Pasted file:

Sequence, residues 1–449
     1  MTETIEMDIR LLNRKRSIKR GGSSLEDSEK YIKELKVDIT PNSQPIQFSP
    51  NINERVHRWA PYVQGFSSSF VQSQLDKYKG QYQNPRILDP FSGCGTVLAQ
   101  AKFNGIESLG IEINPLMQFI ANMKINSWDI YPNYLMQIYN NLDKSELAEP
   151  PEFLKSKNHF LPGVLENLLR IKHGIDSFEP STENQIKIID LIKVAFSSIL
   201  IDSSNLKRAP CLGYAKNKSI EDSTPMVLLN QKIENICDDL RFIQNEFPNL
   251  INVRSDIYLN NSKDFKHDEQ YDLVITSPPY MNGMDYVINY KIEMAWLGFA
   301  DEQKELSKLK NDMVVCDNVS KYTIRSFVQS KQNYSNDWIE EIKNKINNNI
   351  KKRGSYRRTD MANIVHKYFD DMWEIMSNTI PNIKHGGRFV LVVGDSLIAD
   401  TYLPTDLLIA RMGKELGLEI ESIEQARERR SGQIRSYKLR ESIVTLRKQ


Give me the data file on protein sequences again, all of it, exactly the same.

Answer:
Sequence, residues 1–449
     1  MTETIEMDIR LLNRKRSIKR GGSSLEDSEK YIKELKVDIT PNSQPIQFSP
    51  NINERVHRWA PYVQGFSSSF VQSQLDKYKG QYQNPRILDP FSGCGTVLAQ
   101  AKFNGIESLG IEINPLMQFI ANMKINSWDI YPNYLMQIYN NLDKSELAEP
   151  PEFLKSKNHF LPGVLENLLR IKHGIDSFEP STENQIKIID LIKVAFSSIL
   201  IDSSNLKRAP CLGYAKNKSI EDSTPMVLLN QKIENICDDL RFIQNEFPNL
   251  INVRSDIYLN NSKDFKHDEQ YDLVITSPPY MNGMDYVINY KIEMAWLGFA
   301  DEQKELSKLK NDMVVCDNVS KYTIRSFVQS KQNYSNDWIE EIKNKINNNI
   351  KKRGSYRRTD MANIVHKYFD DMWEIMSNTI PNIKHGGRFV LVVGDSLIAD
   401  TYLPTDLLIA RMGKELGLEI ESIEQARERR SGQIRSYKLR ESIVTLRKQ